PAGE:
Liverpool dispatched Manchester United with the calm of a Premier League team easing through the FA Cup third round. And it was kind of sad.
Some say football is all about winning. On one shallow level, they’re right, but there is little joy in winning when the odds are so massively in your favour. Winning has little or no value when one side is so much better than the other.
And anyway, football is not all about winning, even when teams are fairly matched. It is about so much more. If you’re going to the game, it is always a fully visceral experience. The journey, the weather, the anticipation, the colours and smells. Few of us forget our first night game because it is such a vivid experience pretty much unlike anything else you can do in life.
Even if you’re watching at home, there is still the ongoing psychodrama to plug into. You get to see the details of the game which are impossible to spot from the terraces. However, again, if a match is too one-sided and there is no jeopardy, it can quickly become an exhibition rather than a competition.
And that’s what the Liverpool v Manchester United game was like on Tuesday night: a 4-0 win that could’ve been nine or 10. While rivalry between fans doesn’t allow for sympathy for the other side’s plight, as a neutral, I felt sorry for United and that shouldn’t happen. It was a humiliating game. A game not fit to lace the boots of some of their epic clashes in the past. It felt like one of those cup games where a third-tier side takes to the field of a top-flight club, wondering if maybe luck will go their way, then a goal goes in after a few minutes and the remainder of the game is spent being beaten to a sorry pulp by a much superior team. There is no joy in that at all.
Liverpool put on an exhibition of wonderful football, as they often do, and while accepting that football consistently makes fools of us all, it is hard not to think that this team is a legend in the making. However, so bereft of the basic skills and motivations were Manchester United, it was like watching a panther sprint past a tortoise in a 100 metre race. There was something wrong about it. Something ill at ease about the mismatch. It shouldn’t be like this.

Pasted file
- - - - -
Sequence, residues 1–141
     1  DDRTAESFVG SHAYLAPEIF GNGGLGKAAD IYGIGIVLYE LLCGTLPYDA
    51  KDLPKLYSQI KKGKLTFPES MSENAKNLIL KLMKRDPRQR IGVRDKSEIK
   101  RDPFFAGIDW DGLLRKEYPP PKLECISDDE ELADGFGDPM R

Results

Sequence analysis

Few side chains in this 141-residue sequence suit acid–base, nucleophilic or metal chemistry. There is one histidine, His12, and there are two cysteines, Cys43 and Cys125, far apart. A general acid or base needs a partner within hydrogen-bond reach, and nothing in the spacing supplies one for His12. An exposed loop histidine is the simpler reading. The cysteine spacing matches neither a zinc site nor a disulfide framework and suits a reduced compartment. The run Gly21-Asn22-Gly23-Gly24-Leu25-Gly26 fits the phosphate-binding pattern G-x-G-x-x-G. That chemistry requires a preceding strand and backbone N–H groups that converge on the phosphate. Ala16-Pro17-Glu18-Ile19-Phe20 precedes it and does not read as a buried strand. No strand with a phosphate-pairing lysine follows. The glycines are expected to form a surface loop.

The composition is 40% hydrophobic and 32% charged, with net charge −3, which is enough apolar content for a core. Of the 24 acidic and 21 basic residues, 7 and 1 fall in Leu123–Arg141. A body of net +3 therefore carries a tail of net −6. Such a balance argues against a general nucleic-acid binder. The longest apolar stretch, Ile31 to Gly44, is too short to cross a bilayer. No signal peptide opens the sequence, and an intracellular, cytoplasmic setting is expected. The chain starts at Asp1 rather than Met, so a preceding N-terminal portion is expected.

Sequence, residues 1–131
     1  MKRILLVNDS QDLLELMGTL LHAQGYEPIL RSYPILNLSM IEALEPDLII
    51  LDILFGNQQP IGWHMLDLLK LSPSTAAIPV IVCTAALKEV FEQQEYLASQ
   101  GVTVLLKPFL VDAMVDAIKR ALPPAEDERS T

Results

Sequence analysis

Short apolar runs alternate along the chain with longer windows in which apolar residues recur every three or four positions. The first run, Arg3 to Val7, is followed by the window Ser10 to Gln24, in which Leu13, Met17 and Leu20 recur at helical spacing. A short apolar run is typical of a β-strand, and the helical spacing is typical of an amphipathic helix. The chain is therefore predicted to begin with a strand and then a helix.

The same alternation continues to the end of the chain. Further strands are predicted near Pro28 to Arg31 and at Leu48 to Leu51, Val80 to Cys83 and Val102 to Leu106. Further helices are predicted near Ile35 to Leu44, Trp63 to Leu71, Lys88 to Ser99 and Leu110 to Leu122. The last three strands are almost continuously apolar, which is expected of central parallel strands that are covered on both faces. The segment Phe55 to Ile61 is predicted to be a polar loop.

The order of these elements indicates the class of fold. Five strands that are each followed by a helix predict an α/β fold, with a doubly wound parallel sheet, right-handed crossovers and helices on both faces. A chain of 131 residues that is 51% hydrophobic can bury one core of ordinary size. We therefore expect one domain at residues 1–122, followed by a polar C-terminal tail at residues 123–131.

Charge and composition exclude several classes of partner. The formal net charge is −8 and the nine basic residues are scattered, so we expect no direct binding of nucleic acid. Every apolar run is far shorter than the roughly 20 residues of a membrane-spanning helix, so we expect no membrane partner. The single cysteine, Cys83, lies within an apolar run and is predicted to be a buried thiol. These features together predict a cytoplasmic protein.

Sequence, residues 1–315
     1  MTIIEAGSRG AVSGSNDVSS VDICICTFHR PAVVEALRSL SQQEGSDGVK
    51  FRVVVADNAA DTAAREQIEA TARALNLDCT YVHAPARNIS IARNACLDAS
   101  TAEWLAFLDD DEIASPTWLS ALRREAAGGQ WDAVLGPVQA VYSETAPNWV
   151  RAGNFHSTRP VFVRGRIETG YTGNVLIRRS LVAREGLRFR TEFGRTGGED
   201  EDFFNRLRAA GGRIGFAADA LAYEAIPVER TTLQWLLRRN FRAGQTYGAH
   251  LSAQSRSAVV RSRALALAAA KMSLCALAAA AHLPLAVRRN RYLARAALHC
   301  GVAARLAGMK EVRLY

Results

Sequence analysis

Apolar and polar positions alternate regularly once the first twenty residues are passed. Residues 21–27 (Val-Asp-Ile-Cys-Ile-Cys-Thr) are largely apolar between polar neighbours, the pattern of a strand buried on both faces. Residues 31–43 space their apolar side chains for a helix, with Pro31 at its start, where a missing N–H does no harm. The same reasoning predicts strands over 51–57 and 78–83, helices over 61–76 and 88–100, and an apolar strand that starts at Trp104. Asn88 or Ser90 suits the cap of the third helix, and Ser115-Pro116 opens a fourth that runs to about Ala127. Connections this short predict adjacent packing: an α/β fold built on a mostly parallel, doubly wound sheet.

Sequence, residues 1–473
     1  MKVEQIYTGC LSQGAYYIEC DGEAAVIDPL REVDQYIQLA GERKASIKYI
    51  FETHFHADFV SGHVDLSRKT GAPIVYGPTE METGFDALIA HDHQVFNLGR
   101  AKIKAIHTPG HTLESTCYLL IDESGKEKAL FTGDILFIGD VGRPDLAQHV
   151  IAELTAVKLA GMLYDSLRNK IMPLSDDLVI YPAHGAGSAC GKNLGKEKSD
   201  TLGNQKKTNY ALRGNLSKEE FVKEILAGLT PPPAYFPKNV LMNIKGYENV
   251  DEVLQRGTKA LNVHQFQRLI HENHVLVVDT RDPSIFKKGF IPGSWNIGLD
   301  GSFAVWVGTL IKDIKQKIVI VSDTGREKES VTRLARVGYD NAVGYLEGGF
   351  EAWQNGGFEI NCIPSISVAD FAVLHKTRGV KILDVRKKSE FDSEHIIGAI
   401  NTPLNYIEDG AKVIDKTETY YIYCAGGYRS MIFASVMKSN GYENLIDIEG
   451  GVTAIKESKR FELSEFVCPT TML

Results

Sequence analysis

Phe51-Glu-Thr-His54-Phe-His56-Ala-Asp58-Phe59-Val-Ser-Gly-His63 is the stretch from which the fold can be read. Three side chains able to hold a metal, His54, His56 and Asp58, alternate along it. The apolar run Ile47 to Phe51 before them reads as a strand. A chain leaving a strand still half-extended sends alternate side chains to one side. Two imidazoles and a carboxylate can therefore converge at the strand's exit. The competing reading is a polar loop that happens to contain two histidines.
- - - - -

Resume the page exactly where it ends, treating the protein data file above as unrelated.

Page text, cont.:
Manchester United have lost by four goals in previous seasons, but the very nature of the defeat was the disturbing thing. There was almost a cognitive dissonance seeing Harry Maguire – who has played really well for England, let’s make no mistake about that – lumbering around in the fashion of a drunk tourist having a kickabout on the beach.
How can they be so bad? Yes, Liverpool are magnificent and absolutely thrilling to watch, but even after five minutes it almost felt like a boxing match that should be stopped before someone gets really hurt.
There is nothing worse in football than people feeling sorry for you. And you couldn’t help but feel sorry for United. Their players’ lack of understanding, positioning, shape, energy, thought, skill and commitment was so overwhelming; it was sad to see. They were being cruelly exposed in front of many thousands of people and, like the small boy in the playground taking a kicking off the bigger boys, just had to let it happen to them.
While it is easy to laugh at United the club for being run so badly that this sort of humiliation became inevitable, it is another to laugh at the hapless players. They’re only human. You know that video where Michael Owen keeps celebrating every time he scores against a 13-year-old boy? Well there was a touch of that about this game. Something cruel, almost unpleasant, so much so that the heartwarming, seemingly unanimous support for Cristiano Ronaldo after seven minutes was, as applause rippled around Anfield, rather moving and in contrast to the horror show that unfolded on the pitch.
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